Eggs (I award myself a half point.  I refrigerate them generally, but when I am doing a day of baking, I take them out ahead of time, to get to room temperature, and then I leave them out until I'm done.) 

Butter (See "Eggs," above.  Another half point.)

Condiments (Meh, I'll continue to refrigerate my ketchup and mustard out of force of habit - but I will be less squeamish about using the ones at the diner.)

Salad dressings (Eww.  Just, eww.)

Soy sauce (Not an issue.  I stopped buying soy sauce when the little packets from Asian takeout started to pile up.  Now I just keep a certain number of those on hand, for those rare occasions when something calls for soy.)

I am torn as to whether to share this list with Spouse.  On the one hand, he thinks that I waste perfectly good food because of spoilage concerns, so he might be happy to know that I am actually, sort of, progressive in a number of areas.  On the other hand, he may view the list as a license to continue to purchase watermelons and store them on our porch - which I think is just totally weird and unnecessary.


Today's strange Subway encounter (a story in two parts):

1.  The woman in front of me ordered a chopped salad (which looked good, by the way, and I was intrigued by the cutting-edge methodology that the "sandwich artist" used to chop the veggies), and the guy who checked her out (an assistant manager, I believe) asked her if she wanted chips with her salad.  Is this a thing?  I have never - NOT ONCE - gone into a restaurant and ordered a side of fries to go with my salad.  Burger and fries?  Yes.  Salad and a side veggie?  Yes.  Burger and side veggie?  Yes.  Salad and fries?  NO.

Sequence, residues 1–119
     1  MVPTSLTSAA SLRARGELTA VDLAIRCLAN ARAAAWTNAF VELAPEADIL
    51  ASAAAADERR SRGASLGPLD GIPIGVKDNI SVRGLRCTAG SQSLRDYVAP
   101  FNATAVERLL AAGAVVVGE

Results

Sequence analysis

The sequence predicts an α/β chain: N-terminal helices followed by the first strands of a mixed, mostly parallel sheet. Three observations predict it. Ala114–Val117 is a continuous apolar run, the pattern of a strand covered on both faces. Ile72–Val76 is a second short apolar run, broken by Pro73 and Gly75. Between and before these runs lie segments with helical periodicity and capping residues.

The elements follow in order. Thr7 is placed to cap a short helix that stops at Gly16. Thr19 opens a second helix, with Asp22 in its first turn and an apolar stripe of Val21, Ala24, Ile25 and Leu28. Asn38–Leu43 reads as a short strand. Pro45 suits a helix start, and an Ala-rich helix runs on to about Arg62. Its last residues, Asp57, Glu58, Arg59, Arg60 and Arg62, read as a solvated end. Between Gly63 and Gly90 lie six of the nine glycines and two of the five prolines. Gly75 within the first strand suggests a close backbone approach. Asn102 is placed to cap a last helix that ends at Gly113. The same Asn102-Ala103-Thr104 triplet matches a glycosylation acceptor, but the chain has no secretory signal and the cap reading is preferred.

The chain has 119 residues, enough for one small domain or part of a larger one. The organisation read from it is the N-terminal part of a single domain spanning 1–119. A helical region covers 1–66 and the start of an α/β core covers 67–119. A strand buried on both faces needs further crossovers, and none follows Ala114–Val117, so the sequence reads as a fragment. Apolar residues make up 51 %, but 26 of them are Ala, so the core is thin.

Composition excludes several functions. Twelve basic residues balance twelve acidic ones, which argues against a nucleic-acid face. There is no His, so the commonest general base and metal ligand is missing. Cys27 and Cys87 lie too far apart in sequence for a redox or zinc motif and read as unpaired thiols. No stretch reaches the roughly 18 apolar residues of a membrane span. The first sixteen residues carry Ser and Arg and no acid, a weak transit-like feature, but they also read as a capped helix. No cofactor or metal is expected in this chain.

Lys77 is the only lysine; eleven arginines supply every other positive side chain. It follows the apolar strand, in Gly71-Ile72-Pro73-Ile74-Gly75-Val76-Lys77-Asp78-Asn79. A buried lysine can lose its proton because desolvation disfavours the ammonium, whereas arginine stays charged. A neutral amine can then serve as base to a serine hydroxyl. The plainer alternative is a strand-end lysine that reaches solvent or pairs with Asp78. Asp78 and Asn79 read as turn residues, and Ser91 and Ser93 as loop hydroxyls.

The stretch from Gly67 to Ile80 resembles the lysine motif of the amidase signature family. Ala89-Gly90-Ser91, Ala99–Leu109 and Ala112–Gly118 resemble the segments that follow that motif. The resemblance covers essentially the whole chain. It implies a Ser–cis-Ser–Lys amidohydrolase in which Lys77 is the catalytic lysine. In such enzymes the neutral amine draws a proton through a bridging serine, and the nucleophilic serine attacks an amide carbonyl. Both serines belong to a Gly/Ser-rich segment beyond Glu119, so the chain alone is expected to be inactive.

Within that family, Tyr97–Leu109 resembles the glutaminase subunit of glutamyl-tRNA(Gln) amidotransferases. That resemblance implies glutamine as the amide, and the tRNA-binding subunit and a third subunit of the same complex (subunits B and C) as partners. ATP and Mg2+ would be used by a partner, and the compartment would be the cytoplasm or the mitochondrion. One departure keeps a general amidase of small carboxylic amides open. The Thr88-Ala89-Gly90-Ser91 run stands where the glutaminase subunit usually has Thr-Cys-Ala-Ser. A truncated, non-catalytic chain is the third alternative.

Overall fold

Yeah, yeah, I know that fries are technically a "side veggie."  I'm talking creamed spinach or squash casserole here.

2.  When I informed the same assistant manager that I was having the "Fresh Value Meal," he asked me what kind of sub I was having.  For those who aren't familiar (and I would like to think that a Subway assistant manager should not be among you unfamiliar types), the Fresh Value Meal features a different type of sub every day, AND YOU HAVE TO PURCHASE THAT SUB TO GET THE MEAL DEAL.  So, since Monday is turkey/ham, saying that you are purchasing the Fresh Value Meal on a Monday IS TANTAMOUNT TO SAYING TURKEY/HAM WITHOUT ACTUALLY SAYING TURKEY/HAM.  I really fought the urge to explain this to him, and also point out the earlier weirdness of offering chips as a side to a salad.

My coworker said I should have answered him, "The Thursday one."


Yes, it was one of the "weird tomato fetish" coworkers.


I wish I thought faster on my feet when Subway personnel pose stupid questions.


Given the existence of the chopped salad on the Subway menu, do we still call them "sandwich artists"?  Is salad artistry an entirely different field than sandwich artistry, requiring you to go back to Subway school for dual certification?